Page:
Hygienic sanitation, safe water supplies, and sound water management are essential for maintaining global health by improving access to clean water for drinking and increasing the levels of hygiene and sanitation. This practice also promotes the standards of water management for reducing the risks associated with infectious water Bourne diseases, as well as occurrences of accidental drowning when recreating.
There is an alarmingly large section of the population of the world that live with no clean drinking water. That number is almost 1 out of every ten people, double the community of the entire United States. The majority of these people live in isolation in rural areas spend significant hours each day walking to get water for their families. This struggle alone keeps the children out of school as they walk for miles, and also takes away valuable time from the parents that they would use to make money. Additionally, the water collected is often infected with diseases and can potentially cause breakouts.
Every year, safe water could stop the deaths of 1.4 million children from diarrhea, 500 million deaths from Malaria, death as a result of malnutrition in 860,000 children and drowning that is responsible for 280,000 deaths. Additionally, safer water could protect 5 million people from severe incapacitation from trachoma and another 5 million from lymphatic filariasis.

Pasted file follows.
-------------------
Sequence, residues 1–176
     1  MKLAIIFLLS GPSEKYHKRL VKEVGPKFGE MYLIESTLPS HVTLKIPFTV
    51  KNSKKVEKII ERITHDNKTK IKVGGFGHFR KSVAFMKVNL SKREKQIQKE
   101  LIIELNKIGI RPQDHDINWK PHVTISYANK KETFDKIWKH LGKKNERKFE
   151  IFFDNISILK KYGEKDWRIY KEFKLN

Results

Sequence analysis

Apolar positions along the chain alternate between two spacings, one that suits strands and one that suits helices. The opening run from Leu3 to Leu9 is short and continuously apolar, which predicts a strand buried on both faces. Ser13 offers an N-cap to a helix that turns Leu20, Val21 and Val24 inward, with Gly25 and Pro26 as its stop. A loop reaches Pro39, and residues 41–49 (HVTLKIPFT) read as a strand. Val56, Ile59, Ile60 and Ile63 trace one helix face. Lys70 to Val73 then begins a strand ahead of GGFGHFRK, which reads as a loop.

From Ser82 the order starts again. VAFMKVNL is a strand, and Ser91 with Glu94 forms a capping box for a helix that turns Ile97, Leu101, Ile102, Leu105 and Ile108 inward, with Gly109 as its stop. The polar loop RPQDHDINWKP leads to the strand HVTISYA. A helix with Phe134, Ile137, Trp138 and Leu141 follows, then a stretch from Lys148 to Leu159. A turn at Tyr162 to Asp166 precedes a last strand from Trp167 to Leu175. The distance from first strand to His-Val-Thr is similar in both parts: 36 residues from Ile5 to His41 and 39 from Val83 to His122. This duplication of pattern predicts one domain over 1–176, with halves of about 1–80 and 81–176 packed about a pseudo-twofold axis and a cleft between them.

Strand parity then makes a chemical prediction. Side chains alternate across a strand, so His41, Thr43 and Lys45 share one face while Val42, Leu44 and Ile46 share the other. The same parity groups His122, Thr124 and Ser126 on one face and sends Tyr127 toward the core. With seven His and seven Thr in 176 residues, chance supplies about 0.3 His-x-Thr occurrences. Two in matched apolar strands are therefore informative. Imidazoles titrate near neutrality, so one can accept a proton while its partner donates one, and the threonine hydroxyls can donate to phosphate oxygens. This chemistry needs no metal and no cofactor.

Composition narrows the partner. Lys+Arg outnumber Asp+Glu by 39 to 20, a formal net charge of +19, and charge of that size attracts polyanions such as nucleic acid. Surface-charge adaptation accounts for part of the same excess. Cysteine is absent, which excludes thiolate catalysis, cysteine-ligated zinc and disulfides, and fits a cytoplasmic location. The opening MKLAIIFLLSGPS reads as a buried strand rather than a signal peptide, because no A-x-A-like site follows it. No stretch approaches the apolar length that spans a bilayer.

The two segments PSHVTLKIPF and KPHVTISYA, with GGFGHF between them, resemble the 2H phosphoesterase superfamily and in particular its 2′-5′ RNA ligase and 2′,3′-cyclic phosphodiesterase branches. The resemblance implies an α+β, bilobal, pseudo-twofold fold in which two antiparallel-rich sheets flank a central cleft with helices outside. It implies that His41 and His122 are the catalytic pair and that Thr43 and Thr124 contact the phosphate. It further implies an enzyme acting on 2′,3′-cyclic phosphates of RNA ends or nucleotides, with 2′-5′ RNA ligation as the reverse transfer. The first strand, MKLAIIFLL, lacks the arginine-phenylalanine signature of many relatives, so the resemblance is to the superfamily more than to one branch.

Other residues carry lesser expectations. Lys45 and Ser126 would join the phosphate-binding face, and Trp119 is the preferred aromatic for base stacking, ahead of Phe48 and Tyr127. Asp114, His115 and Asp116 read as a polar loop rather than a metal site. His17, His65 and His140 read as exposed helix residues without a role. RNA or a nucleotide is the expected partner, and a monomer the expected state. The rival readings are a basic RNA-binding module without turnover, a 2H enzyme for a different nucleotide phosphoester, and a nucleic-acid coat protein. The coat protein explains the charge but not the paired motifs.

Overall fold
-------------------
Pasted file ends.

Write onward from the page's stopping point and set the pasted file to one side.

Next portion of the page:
Efforts of improving sanitation, hygiene and water provision act alongside each other boosting overall health. Access to proper sanitation facilities, for example, simple latrines in the communities, potentially prevent the contamination of clean drinking water from the human waste and thereby reduces the occurrence of infections. High tech public measures do not necessarily produce the best results, while the most efficient and proven methods to have significant impacts include frequency in cleaning hands using soap and safely storing clean drinking water.
Managing the environment efficiently reduces the rates of spreading of diseases such as malaria and other conditions that could be spread by insects and thus aids in preventing the deaths. Such efforts include the elimination of habitats for breeding, for example, standing water, as well as screening windows, doors and ventilation to protect from the mosquitoes.
There is a strong attraction in investing towards the improvement of drinking water, management of water resources, and even provision of hygiene as well as sanitation systems. A dollar spent in this venture adds up to 8 dollars in returns. According to the WHO, capitalizing $11.3 billion in meeting hygiene and water targets set by the Millennium Development goals could potentially yield $84 billion annually.
Alongside adding to the standards of the human lives saved, economic productivity is boosted with the provision of better quality sanitation, hygiene and drinking water, as well as education and even health care savings.